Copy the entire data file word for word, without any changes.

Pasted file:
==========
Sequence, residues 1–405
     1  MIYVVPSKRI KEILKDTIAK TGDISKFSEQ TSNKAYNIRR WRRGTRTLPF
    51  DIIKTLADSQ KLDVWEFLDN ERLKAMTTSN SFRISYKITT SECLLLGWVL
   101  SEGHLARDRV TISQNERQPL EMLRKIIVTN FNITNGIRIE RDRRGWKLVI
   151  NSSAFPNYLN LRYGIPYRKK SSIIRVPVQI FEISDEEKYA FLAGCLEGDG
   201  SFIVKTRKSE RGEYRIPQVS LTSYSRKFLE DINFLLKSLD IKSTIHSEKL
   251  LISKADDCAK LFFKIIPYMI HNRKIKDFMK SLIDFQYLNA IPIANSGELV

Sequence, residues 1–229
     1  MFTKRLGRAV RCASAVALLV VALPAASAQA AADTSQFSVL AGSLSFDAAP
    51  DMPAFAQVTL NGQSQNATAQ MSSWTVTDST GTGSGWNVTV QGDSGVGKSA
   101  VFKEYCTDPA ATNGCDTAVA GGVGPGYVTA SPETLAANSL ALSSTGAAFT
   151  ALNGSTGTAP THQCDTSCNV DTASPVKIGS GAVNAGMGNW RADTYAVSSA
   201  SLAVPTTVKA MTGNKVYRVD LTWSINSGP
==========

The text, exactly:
Sequence, residues 1–405
     1  MIYVVPSKRI KEILKDTIAK TGDISKFSEQ TSNKAYNIRR WRRGTRTLPF
    51  DIIKTLADSQ KLDVWEFLDN ERLKAMTTSN SFRISYKITT SECLLLGWVL
   101  SEGHLARDRV TISQNERQPL EMLRKIIVTN FNITNGIRIE RDRRGWKLVI
   151  NSSAFPNYLN LRYGIPYRKK SSIIRVPVQI FEISDEEKYA FLAGCLEGDG
   201  SFIVKTRKSE RGEYRIPQVS LTSYSRKFLE DINFLLKSLD IKSTIHSEKL
   251  LISKADDCAK LFFKIIPYMI HNRKIKDFMK SLIDFQYLNA IPIANSGELV

Sequence, residues 1–229
     1  MFTKRLGRAV RCASAVALLV VALPAASAQA AADTSQFSVL AGSLSFDAAP
    51  DMPAFAQVTL NGQSQNATAQ MSSWTVTDST GTGSGWNVTV QGDSGVGKSA
   101  VFKEYCTDPA ATNGCDTAVA GGVGPGYVTA SPETLAANSL ALSSTGAAFT
   151  ALNGSTGTAP THQCDTSCNV DTASPVKIGS GAVNAGMGNW RADTYAVSSA
   201  SLAVPTTVKA MTGNKVYRVD LTWSINSGP